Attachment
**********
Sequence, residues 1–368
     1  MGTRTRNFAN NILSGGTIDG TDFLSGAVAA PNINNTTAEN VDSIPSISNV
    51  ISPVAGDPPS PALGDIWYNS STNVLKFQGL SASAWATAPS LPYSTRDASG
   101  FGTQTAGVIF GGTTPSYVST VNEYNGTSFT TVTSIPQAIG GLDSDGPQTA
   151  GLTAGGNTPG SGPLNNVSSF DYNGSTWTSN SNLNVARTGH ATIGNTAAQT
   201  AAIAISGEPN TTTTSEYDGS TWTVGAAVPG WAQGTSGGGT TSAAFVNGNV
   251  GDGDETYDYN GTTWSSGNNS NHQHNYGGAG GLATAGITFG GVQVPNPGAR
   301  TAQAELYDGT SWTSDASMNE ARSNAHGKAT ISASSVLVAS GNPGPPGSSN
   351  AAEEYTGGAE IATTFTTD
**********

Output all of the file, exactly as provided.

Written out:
Sequence, residues 1–368
     1  MGTRTRNFAN NILSGGTIDG TDFLSGAVAA PNINNTTAEN VDSIPSISNV
    51  ISPVAGDPPS PALGDIWYNS STNVLKFQGL SASAWATAPS LPYSTRDASG
   101  FGTQTAGVIF GGTTPSYVST VNEYNGTSFT TVTSIPQAIG GLDSDGPQTA
   151  GLTAGGNTPG SGPLNNVSSF DYNGSTWTSN SNLNVARTGH ATIGNTAAQT
   201  AAIAISGEPN TTTTSEYDGS TWTVGAAVPG WAQGTSGGGT TSAAFVNGNV
   251  GDGDETYDYN GTTWSSGNNS NHQHNYGGAG GLATAGITFG GVQVPNPGAR
   301  TAQAELYDGT SWTSDASMNE ARSNAHGKAT ISASSVLVAS GNPGPPGSSN
   351  AAEEYTGGAE IATTFTTD